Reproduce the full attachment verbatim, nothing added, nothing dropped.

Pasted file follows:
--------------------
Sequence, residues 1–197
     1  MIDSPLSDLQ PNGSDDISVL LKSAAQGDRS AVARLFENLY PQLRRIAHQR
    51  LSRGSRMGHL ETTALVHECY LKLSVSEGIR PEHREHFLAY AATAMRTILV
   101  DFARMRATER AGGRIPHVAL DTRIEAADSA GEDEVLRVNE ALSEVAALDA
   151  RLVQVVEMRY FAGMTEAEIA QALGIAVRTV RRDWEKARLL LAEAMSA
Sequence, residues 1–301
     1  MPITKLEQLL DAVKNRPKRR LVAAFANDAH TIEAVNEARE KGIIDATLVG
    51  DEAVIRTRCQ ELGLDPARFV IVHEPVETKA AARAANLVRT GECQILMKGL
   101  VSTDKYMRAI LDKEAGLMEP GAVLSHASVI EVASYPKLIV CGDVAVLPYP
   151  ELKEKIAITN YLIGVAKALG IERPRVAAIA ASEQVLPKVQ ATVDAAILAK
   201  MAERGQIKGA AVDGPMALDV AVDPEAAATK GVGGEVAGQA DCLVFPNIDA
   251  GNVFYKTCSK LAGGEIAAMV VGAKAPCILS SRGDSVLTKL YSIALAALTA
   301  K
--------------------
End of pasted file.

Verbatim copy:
Sequence, residues 1–197
     1  MIDSPLSDLQ PNGSDDISVL LKSAAQGDRS AVARLFENLY PQLRRIAHQR
    51  LSRGSRMGHL ETTALVHECY LKLSVSEGIR PEHREHFLAY AATAMRTILV
   101  DFARMRATER AGGRIPHVAL DTRIEAADSA GEDEVLRVNE ALSEVAALDA
   151  RLVQVVEMRY FAGMTEAEIA QALGIAVRTV RRDWEKARLL LAEAMSA
Sequence, residues 1–301
     1  MPITKLEQLL DAVKNRPKRR LVAAFANDAH TIEAVNEARE KGIIDATLVG
    51  DEAVIRTRCQ ELGLDPARFV IVHEPVETKA AARAANLVRT GECQILMKGL
   101  VSTDKYMRAI LDKEAGLMEP GAVLSHASVI EVASYPKLIV CGDVAVLPYP
   151  ELKEKIAITN YLIGVAKALG IERPRVAAIA ASEQVLPKVQ ATVDAAILAK
   201  MAERGQIKGA AVDGPMALDV AVDPEAAATK GVGGEVAGQA DCLVFPNIDA
   251  GNVFYKTCSK LAGGEIAAMV VGAKAPCILS SRGDSVLTKL YSIALAALTA
   301  K